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Cash Has Limited Influence on Milk Futures


The outlook for milk prices just is not getting any better. There had been some anticipation milk supply might begin to tighten over time after the December Milk Production report showed cow numbers declining, indicating culling could be increasing. Some strength came into the spot markets and traders bought milk futures for a brief period of time until spot prices faded again. However, the January production report showed the opposite, dashing hopes on a sooner price recovery. The market will need to prove itself before traders will be interested in buying contracts for the long term. Currently, they are scalping the market taking short term positions and liquidating when there is a slight profit if it materializes.


Traders are neither overly long or overly short in the market, leaving no substantial price movements when underlying cash fluctuates. That has been the pattern for quite some time and futures prices now move less than they had in response to fluctuations of underlying cash. Last week was a prime example of the current attitude and trading activity in the market. For the week, block cheese price increased 7 cents with barrels up 3 1/2 cents, yet April Class III milk futures declined 3 cents, May Class III futures declined 32 cents, and June futures were down 31 cents for the week. Futures should have been significantly higher, but traders are accustomed to price increases being short lived. Eventually, this mood will be broken, but it will take a significant fundamental event or a dramatic change in attitude.


Record dairy exports and cheese inventories are currently below a year-ago levels and have not been enough to support the market or tighten supplies. Dairy cattle slaughter in January totaled 297,900 head and was the highest monthly slaughter since March 2021 and the largest January slaughter in 35 years. This indicates that there had been a lot of replacements ready to enter the milking herd as overall cow numbers increased 9,000 head from December to January. The question raised is whether December or January slaughter numbers were an aberration. This question may be answered more clearly when February slaughter numbers are released. Nevertheless, milk production continues to outpace last year.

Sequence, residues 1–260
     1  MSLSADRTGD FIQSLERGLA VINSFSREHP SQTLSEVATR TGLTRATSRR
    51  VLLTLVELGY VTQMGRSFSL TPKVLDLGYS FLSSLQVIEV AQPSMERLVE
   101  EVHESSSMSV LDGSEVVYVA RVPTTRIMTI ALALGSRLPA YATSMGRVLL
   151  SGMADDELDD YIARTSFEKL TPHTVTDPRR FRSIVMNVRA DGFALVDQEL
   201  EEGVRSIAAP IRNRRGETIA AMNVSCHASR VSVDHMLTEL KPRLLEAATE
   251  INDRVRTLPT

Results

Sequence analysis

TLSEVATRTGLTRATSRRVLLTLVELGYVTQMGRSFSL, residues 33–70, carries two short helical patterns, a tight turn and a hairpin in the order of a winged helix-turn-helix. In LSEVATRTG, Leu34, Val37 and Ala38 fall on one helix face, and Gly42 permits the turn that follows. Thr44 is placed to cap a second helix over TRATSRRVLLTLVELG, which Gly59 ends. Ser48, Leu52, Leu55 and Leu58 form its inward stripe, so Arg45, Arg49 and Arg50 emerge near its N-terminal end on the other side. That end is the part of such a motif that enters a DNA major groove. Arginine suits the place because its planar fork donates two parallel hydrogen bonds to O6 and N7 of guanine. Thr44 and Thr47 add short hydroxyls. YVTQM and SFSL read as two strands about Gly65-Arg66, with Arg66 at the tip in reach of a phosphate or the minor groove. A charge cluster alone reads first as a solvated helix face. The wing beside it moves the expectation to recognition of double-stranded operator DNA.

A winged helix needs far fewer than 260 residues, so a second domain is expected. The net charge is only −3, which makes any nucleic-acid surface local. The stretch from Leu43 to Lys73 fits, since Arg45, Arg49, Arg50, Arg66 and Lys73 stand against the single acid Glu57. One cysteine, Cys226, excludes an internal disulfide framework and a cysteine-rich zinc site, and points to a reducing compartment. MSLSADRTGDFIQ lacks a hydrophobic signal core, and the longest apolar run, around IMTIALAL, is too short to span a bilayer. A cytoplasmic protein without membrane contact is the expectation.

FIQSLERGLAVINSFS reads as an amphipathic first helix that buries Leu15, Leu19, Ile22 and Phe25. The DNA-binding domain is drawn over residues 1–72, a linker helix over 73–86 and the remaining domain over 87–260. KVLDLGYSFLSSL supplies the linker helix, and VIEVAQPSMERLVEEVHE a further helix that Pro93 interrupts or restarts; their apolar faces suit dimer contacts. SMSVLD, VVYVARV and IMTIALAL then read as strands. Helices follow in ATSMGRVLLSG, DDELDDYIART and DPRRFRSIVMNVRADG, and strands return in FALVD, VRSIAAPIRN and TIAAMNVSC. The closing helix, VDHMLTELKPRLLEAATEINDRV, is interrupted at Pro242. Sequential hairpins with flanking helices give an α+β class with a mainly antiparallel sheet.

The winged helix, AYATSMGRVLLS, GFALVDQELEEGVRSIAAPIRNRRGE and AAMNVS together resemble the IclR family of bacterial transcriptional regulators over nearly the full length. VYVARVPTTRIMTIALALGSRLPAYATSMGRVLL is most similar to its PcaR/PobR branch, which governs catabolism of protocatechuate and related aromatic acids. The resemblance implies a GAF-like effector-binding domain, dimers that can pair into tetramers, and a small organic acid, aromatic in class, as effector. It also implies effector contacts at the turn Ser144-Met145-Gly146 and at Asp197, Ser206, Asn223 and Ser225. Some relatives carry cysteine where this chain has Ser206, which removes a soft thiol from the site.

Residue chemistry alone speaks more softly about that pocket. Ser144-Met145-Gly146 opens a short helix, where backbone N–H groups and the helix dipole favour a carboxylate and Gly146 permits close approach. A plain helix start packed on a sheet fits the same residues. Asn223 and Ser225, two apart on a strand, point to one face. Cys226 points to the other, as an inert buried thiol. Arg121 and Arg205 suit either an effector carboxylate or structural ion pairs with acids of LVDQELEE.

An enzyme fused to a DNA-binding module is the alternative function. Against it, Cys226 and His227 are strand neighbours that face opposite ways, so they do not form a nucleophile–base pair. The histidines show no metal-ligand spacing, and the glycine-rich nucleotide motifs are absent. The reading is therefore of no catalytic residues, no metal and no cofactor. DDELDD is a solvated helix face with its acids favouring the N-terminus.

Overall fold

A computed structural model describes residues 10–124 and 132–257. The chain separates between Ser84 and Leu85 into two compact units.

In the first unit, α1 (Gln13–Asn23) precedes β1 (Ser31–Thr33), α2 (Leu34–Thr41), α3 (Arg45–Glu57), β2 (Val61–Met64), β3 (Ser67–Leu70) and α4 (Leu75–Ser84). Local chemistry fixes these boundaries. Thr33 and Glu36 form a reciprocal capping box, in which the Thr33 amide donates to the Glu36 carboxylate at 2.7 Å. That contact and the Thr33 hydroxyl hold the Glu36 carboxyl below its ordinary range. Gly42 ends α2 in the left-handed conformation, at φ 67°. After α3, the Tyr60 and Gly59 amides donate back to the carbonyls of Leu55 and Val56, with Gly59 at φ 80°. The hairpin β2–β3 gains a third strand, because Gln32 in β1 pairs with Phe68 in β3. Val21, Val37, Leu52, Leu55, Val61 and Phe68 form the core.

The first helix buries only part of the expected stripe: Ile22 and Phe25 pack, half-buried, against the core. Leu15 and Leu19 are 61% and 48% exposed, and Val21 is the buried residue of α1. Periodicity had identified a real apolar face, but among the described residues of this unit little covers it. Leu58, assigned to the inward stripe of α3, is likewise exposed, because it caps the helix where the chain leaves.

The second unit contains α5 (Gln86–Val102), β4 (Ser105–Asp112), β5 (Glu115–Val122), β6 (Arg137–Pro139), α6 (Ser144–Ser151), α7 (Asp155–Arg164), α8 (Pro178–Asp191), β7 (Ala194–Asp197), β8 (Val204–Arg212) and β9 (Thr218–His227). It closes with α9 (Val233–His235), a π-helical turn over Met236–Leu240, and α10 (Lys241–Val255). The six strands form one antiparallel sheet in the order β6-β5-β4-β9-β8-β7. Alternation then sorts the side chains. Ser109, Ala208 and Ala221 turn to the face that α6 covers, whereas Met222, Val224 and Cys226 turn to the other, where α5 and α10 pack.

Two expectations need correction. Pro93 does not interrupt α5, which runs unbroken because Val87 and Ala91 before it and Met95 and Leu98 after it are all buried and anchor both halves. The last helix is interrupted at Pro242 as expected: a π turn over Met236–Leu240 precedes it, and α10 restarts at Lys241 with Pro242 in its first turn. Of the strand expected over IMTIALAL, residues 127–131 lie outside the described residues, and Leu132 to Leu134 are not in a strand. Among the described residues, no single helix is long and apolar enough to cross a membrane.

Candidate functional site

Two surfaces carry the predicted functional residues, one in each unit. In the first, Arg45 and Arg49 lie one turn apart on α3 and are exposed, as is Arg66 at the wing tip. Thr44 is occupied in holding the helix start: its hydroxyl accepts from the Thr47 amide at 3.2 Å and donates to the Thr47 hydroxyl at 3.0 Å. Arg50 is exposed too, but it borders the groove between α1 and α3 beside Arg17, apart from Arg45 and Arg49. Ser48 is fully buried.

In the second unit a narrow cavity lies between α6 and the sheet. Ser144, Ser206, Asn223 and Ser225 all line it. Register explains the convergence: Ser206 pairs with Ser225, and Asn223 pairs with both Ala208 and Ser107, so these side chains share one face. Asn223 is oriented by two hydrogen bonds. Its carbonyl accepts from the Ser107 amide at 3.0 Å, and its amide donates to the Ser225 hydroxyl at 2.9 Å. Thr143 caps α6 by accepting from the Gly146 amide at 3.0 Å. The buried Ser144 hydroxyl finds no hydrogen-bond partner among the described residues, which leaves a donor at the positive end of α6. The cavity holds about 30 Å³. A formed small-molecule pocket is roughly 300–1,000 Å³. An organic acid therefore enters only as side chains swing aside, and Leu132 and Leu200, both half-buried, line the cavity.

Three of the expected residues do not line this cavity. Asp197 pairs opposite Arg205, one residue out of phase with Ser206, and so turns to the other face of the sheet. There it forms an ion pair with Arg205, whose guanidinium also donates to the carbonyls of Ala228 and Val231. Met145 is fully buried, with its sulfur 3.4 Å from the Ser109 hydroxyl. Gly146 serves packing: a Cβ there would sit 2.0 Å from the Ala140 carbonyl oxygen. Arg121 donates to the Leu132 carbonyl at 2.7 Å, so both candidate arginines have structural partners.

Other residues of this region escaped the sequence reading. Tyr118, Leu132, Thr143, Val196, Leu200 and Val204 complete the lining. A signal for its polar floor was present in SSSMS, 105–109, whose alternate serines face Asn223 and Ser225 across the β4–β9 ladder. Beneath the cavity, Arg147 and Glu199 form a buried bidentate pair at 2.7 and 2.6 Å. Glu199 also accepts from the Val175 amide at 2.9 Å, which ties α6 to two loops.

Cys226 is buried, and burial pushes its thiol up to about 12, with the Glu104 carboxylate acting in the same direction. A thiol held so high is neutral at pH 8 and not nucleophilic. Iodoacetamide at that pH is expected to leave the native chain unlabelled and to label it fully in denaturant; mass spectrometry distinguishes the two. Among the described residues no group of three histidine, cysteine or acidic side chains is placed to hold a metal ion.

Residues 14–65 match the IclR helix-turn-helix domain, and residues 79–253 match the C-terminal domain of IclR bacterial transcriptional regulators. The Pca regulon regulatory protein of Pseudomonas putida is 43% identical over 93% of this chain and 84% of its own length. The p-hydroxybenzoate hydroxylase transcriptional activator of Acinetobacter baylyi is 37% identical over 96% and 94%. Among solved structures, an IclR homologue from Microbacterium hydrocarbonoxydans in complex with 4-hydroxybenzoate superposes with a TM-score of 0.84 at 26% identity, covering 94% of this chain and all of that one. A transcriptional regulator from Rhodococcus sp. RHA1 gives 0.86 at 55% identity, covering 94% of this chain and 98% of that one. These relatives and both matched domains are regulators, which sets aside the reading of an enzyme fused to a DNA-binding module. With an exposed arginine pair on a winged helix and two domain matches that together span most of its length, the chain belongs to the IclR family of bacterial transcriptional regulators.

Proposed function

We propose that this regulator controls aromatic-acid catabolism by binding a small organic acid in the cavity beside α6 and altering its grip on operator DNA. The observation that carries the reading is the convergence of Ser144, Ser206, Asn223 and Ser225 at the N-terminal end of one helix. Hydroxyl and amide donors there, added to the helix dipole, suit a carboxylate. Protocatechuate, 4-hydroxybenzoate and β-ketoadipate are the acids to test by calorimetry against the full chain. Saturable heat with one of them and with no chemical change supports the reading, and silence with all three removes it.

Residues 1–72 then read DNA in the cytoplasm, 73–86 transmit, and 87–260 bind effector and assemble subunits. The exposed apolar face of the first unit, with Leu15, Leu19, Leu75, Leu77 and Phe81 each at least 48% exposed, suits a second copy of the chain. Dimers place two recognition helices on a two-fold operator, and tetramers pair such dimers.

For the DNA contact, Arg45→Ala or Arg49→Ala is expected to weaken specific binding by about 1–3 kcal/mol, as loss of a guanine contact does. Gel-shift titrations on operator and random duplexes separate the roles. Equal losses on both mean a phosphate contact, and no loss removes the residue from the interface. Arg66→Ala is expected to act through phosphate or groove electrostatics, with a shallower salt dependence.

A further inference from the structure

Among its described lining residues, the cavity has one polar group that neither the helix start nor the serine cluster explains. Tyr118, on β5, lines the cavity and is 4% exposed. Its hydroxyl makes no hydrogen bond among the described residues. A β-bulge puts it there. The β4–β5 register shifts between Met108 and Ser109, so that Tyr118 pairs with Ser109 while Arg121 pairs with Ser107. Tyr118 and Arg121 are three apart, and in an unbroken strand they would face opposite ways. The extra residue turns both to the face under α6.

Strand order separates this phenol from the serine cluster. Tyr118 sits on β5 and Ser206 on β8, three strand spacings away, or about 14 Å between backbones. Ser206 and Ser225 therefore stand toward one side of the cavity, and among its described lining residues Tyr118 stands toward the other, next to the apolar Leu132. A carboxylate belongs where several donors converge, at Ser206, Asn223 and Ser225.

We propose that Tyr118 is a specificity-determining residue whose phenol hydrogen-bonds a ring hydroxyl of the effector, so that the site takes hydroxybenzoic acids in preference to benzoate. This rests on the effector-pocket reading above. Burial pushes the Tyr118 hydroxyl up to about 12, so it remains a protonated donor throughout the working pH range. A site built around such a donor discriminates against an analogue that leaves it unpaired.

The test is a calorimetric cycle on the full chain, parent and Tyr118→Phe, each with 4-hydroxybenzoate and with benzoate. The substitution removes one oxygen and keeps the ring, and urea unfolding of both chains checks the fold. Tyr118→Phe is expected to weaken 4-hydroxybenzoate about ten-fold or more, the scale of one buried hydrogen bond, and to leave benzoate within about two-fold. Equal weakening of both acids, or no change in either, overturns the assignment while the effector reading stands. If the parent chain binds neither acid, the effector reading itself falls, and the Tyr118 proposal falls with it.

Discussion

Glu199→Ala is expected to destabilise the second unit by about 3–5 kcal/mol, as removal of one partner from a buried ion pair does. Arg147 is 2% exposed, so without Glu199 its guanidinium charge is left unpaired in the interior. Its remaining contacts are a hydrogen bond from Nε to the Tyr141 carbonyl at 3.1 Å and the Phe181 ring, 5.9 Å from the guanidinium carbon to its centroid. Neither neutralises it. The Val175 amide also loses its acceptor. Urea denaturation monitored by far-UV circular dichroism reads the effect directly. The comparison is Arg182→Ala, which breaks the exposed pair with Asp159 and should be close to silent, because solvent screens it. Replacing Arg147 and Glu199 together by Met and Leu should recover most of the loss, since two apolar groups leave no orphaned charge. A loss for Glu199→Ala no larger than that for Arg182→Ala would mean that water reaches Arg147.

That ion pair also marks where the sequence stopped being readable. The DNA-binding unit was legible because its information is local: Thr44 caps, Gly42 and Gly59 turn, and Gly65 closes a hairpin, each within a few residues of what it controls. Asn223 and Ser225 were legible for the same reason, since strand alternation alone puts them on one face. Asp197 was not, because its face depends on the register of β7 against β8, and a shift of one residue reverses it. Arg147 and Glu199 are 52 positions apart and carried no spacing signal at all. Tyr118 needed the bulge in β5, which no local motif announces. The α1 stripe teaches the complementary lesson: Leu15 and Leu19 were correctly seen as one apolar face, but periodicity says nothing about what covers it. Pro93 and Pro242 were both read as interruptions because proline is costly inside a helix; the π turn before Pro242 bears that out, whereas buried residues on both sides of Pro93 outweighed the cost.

One event that has gained much prominence in the dairy industry is the world has been the Global Dairy Trade (GDT) auction. It has risen in prominence since its beginning in July 2008. The auction was launched by Fonterra, a large dairy company based in New Zealand. The ownership of the GDT is now shared by Fonterra, the European Energy Exchange and the New Zealand Stock Exchange. This is expected to enhance the credibility of the auction and provide greater presence in major international dairy regions. Most of the trading activity and volume is in Whole milk powder and Skim milk powder. This auction takes place twice monthly on the first and third Tuesdays. It provides a world view of where dairy prices are headed and carries a close similarity to U.S. price direction. (See chart below)

On a different topic, one thing that has really stood out over the last number of years is a certain level of disinterest by not only dairy farmers, but farmers in general over risk management. There are those who have embraced it as a necessary part of the farm business and are proactive with price protection. There are many who continue to focus on the many other aspects of the dairy operation such as increasing milk production, improving cow comfort, increasing forage production and quality, embracing technology to improve efficiency with the goal of increasing milk production.



Grain farmers focus on better soil nutrients, planting technology, and seed selection to increase bushels per acre. Livestock producers strive for increased weight gain, better genetics, and better feed efficiency. Yet, there is a disinterest or maybe fear of protecting prices of the end product leaving the income of the farming operation and the livelihood of the families involved open to the fluctuations of the market. The risk could be negative cash flow sometimes for extended periods of time. Farmer meetings that include topics on risk management are difficult to find. Meetings that focus on risk management by using crop insurance, revenue insurance, market outlooks and futures and option strategies seem to have little or no interest. Risk management is as important as any other aspect of the farming operation and sometimes it can be more important as it protects income. Choosing not to be involved in risk management is putting your farm and your livelihood at risk. Please call us if you want to learn more and do more.


March 8, 2023

dairyherd.com

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